11. Alan J. Auerbach & Yuriy Gorodnichenko, 2011. "Fiscal Multipliers in Recession and Expansion," NBER Working Papers 17447, National Bureau of Economic Research, Inc.
  12. Pablo Hernández de Cos & Enrique Moral-Benito, 2011. "Endogenous fiscal consolidations," Banco de Espa�a Working Papers 1102, Banco de Espa�a.
  13. Guido Imbens, 2000. "Efficient Estimation of Average Treatment Effects Using the Estimated Propensity Score," Econometric Society World Congress 2000 Contributed Papers 1166, Econometric Society.
  14. Roberto Perotti, 1999. "Fiscal Policy In Good Times And Bad," The Quarterly Journal of Economics, MIT Press, vol. 114(4), pages 1399-1436, November.
  15. Òscar Jordà & Alan M. Taylor, 2011. "Performance Evaluation of Zero Net-Investment Strategies," NBER Working Papers 17150, National Bureau of Economic Research, Inc.
  16. Bryan S. Graham & Cristine Campos de Xavier Pinto & Daniel Egel, 2008. "Inverse Probability Tilting for Moment Condition Models with Missing Data," NBER Working Papers 13981, National Bureau of Economic Research, Inc.
  17. Daniel Leigh & Andrea Pescatori & Jaime Guajardo, 2011. "Expansionary Austerity New International Evidence," IMF Working Papers 11/158, International Monetary Fund.
  18. Leeper, Eric M., 1997. "Narrative and VAR approaches to monetary policy: Common identification problems," Journal of Monetary Economics, Elsevier, vol. 40(3), pages 641-657, December.
  19. Meyer, Bruce D, 1995. "Natural and Quasi-experiments in Economics," Journal of Business & Economic Statistics, American Statistical Association, vol. 13(2), pages 151-61, April.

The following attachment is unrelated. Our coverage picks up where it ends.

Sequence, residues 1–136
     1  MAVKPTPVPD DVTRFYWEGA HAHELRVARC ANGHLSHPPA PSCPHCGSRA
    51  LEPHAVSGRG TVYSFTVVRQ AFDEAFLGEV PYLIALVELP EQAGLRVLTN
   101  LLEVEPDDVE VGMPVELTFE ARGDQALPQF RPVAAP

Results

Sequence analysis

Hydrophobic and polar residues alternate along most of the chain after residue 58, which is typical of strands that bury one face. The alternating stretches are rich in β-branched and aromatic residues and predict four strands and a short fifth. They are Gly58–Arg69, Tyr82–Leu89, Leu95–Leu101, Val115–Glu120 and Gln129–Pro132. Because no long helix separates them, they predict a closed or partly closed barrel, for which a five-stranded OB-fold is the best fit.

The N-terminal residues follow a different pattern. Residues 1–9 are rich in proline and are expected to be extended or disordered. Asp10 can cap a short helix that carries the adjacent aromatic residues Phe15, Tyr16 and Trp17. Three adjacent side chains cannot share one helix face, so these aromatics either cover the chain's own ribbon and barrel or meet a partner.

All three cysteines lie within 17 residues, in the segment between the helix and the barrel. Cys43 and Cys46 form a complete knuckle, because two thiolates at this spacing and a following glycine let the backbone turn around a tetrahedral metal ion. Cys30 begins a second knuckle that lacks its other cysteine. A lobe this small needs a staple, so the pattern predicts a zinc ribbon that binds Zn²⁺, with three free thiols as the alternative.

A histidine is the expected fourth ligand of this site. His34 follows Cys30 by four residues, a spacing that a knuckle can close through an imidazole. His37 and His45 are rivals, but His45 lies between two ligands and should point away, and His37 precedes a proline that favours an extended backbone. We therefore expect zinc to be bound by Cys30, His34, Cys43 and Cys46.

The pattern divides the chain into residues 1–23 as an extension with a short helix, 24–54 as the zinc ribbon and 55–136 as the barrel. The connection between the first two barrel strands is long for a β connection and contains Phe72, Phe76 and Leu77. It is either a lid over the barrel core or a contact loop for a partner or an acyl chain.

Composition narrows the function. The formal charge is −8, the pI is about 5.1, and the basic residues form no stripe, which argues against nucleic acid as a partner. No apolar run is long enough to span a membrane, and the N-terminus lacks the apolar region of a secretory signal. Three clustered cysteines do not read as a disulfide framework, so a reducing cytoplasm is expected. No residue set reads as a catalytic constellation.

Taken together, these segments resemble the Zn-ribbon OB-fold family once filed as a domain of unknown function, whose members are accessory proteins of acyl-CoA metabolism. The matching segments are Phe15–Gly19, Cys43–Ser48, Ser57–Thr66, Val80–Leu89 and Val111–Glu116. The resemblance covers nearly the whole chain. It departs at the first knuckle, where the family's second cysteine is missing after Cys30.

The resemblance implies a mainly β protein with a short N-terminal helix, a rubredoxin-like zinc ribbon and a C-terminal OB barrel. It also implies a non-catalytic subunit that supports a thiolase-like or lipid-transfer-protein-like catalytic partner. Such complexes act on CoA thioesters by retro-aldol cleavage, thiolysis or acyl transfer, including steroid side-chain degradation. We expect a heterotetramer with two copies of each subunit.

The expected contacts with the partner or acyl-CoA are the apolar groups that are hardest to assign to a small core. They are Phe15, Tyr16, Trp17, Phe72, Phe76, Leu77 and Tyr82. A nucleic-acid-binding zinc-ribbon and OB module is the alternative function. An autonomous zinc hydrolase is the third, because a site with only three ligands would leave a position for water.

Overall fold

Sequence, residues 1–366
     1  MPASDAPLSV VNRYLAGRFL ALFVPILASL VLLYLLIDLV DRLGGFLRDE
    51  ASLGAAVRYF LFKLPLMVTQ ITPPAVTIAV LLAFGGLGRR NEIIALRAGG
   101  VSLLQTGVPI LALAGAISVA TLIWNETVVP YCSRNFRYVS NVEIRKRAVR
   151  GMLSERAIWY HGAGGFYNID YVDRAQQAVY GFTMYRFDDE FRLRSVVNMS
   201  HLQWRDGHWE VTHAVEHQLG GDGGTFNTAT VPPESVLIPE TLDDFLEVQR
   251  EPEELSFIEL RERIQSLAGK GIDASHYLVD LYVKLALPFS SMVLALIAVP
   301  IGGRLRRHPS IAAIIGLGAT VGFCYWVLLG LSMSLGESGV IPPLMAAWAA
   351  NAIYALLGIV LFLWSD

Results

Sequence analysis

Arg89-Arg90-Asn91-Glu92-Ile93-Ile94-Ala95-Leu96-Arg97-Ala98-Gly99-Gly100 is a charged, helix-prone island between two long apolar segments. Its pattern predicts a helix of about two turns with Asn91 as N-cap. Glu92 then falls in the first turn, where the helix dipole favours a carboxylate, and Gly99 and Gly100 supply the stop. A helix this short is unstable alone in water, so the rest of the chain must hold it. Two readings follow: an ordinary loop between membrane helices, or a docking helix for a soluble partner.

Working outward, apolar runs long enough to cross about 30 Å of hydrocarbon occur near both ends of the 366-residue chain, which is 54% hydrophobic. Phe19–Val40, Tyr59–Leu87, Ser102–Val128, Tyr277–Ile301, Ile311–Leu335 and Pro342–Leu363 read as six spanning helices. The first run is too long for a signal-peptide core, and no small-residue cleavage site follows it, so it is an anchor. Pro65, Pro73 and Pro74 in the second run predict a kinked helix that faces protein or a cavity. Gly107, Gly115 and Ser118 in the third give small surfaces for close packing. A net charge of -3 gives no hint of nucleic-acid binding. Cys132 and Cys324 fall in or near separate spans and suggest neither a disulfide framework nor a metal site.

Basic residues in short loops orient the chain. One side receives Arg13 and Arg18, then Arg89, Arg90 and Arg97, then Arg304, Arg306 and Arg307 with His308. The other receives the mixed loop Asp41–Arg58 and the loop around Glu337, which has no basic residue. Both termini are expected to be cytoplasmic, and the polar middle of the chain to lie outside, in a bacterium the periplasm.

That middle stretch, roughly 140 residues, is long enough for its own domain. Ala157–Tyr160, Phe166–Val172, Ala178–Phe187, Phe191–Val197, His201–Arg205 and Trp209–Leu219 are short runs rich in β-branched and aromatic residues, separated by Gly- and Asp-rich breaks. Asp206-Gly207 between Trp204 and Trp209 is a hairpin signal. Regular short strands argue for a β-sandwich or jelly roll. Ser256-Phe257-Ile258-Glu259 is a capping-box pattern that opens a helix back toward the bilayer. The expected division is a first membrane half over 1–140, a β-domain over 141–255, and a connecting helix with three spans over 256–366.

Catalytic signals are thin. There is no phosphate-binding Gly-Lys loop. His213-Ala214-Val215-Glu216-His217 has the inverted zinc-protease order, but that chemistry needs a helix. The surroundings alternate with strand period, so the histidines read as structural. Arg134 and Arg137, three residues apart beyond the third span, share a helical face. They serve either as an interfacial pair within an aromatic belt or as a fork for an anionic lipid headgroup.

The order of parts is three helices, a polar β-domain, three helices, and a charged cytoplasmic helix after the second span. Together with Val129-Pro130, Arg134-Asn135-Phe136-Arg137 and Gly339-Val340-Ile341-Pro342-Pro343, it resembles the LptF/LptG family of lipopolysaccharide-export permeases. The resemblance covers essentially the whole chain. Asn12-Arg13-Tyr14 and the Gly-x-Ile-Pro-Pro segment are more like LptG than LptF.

20. Gauti B. Eggertsson & Paul Krugman, 2012. "Debt, Deleveraging, and the Liquidity Trap: A Fisher-Minsky-Koo Approach," The Quarterly Journal of Economics, Oxford University Press, vol. 127(3), pages 1469-1513.
  21. Michael T. Owyang & Valerie A. Ramey & Sarah Zubairy, 2013. "Are Government Spending Multipliers Greater during Periods of Slack? Evidence from Twentieth-Century Historical Data," American Economic Review, American Economic Association, vol. 103(3), pages 129-34, May.
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Blog mentions

As found by EconAcademics.org, the blog aggregator for Economics research:
  1. How to muddy the waters on impact of austerity
    by Mainly Macro in Mainly Macro on 2014-08-01 13:06:00
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Cited by:
  1. Anusha Chari & Peter Blair Henry, 2014. "Two Tales of Adjustment: East Asian Lessons for European Growth," Working Papers 14-04, New York University, Leonard N. Stern School of Business, Department of Economics.
  2. Forbes, Kristin & Fratzscher, Marcel & Straub, Roland, 2014. "Capital Controls and Macroprudential Measures: What Are They Good For?," CEPR Discussion Papers 9798, C.E.P.R. Discussion Papers.
  3. Nicholas Oulton, 2013. "Medium and Long Run Prospects for UK Growth in the Aftermath of the Financial Crisis," CEP Occasional Papers 37, Centre for Economic Performance, LSE.
  4. Giuseppe Bertola & John Driffill & Harold James & Hans-Werner Sinn & Jan-Egbert Sturm & Ákos Valentinyi, 2014. "Chapter 3: Austerity: Hurting but Helping," EEAG Report on the European Economy, CESifo Group Munich, vol. 0, pages 75-90, 02.
  5. Manos Matsaganis & Chrysa Leventi, 2014. "Distributive Effects of the Crisis and Austerity in Seven EU Countries," ImPRovE Working Papers 14/04, Herman Deleeck Centre for Social Policy, University of Antwerp.

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  1. The Time for Austerity: Estimating the Average Treatment Effect of Fiscal Policy (NBER 2013) in ReplicationWiki